30 March 2009
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Thoughtex Part II

I didn't expect to do a Part II about yesterday's blog, but thousands of millireaders weighed in on this one. 

  • OF COURSE it will have GPS "geotagging."  The Crimebutton(TM) needs that for evidentiary purposes.

  • OF COURSE there are privacy issues involved.  Perhaps the watch will need a third "Pause" button, with a conspicuously blinking light on the glasses to indicate they aren't recording.  But who will believe it?

  • YES, it will work at night.  A tiny infrared LED can flash for each picture.  It won't give much range, but then it is night, so you can't see that far, either.

  • YES, it can take 3D pictures.  Just have two cameras, one on each side of the frame.  I'll leave this to the marketers to decide whether it's valuable.

  • Don't worry about the battery.  Unlike a cellphone, which you might forget to plug in, you will remember to take off your glasses when you go to sleep!  You just have to put them in the right place, a routine easily learned.

  • The eyeglass recorder will interface with the "tray" either inductively or by a very short range radio interface.  It already has a receiver for the watch buttons.  No great sophistication will be required since it will have plenty of time to transfer the data over only a tiny distance.  USB would be another possibility.

  • Once the data is on the Terabyte drive, it can be transferred by USB to any PC for review or, at least in part, by a memory card.

  • An interesting ancillary application:  Since it has stereo microphones, they can be amplified and fed to ear buds.  Instant hearing aid! 

  • Which, of course, can also be used for MP3 playback.  Yes, I know that MP3 shades are already being made.

The Eyeglass Racket

I did not grow up needing eyeglasses, and bought my first pair in my early forties.  I went to a shop in a mall, had an eye exam, and was told to pick a frame.  Being inexperienced in this activity, I assumed that I would point to a frame, pay the extra $10, and go home with the glasses.  I was a fool.  Do you know what eyeglass frames cost?  Hundreds of dollars!  Do you know why?  It's at least possible that the people who figured out how to charge for text messages cut their teeth on eyeglass frames, to mix some facial features.  But there are no bounds to avarice, and it may be that the frame guys came up with their scam independently.  Scam?  'Splain to me how you can buy a pair of non-prescription reading glasses at the drug store for under $5, but have to pay hundreds for a frame to hold prescription lenses?  Fashion?  Customization?  Or greed?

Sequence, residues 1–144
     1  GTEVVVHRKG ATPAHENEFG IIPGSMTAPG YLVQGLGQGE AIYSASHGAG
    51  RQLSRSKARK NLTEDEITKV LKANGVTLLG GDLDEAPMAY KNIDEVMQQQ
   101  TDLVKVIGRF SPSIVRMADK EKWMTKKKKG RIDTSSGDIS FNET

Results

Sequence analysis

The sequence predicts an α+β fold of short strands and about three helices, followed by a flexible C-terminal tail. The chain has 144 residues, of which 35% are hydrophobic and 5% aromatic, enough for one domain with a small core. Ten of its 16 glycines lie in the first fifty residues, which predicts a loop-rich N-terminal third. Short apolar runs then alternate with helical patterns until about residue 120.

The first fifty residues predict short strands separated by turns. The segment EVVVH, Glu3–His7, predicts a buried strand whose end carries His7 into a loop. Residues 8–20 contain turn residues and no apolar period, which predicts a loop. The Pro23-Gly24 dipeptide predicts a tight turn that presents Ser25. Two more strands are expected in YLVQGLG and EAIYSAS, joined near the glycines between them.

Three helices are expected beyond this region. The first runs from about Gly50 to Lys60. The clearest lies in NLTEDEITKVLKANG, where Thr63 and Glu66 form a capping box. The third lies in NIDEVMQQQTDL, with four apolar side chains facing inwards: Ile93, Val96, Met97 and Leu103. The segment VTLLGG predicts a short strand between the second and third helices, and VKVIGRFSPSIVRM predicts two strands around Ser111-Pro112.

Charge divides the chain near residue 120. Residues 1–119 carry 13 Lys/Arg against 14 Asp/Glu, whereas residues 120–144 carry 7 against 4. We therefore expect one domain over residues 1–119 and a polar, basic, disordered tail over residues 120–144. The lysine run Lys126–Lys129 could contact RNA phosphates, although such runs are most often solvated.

I don't know and I don't really care, although I'm still stunned every time I buy glasses.  The point, however, is this:  The "frames" for the eyeglass recorder with the Crimebutton can almost certainly be mass-produced for less than ordinary eyeglass frames normally cost at the optician.  Think about it this way:  You can "buy" a cellphone for free; sometimes they even pay you!  Of course that's because they're subsidized by the carrier, but there are still cheap cellphones with cameras, and of course they all have microphones and batteries.  The recorder is, in essence, a cellphone without the 'phone.  A big improvement in many ways!  And, of course, cheaper to build by far.

Keeping Our Ever-Growing Molars Out of This Problem

The United States denies involement in warplane attack on Sudan's border. It seems that Sudanese officials said foreign warplanes launched two separate airstrikes last month on Sudan near its border with Egypt.  Of course Israel was suspected, and, equally of course, Israel neither confirmed nor denied responsibility.

The rest of the article doesn't state whether the U.S. was accused of being complicit, but, even so, we have "denied any involement."

The Spelling Bee Law

This story by Mary Blanusa appeared in a local New Jersey paper.  When I say "local" I mean "very local."  It covers the town where I strive and a few surrounding ones.  If you want to read about fire department training exercises, births, and, of course, spelling bee winners, this is the reference.  As you can see, Lauren Sembrano placed second in the NJSFWCJM State Spelling Bee.  This is also the kind of local paper whose readers might actually know what the NJSFWCM actually is.

I don't know either Ms. Blanusa or Ms. Sembrano, but I am here to tell you that the former broke a critical Rule of Journalism.  That is:  Whenever you write about a spelling bee, you are required by law to give the word that the contestant missed, how she spelled it, and how it should be spelled.  Otherwise, what is the point?

Perhaps society is also to blame, but Ms. Blanusa is the one who will suffer, at least by blog, for her failure to comply with this critical dictum.

1990 Corvette ZR1 - FOR SALE

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 "Farmer's Night Out"



I picked this one up in Berlin right after the fall of the Wall.  It's a copy of the famous sign "You are leaving the American Sector" in four languages.  Less well known is the other side of the sign:  When East German soldiers were visiting West Berlin, they were reminded how much trouble they could get in if they carried their weapons.  The quality of this T-shirt is really poor.  I probably bought it in ex-East Berlin.

Berlin Checkpoint Charlie T-Shirt:  You are leaving the American Sector
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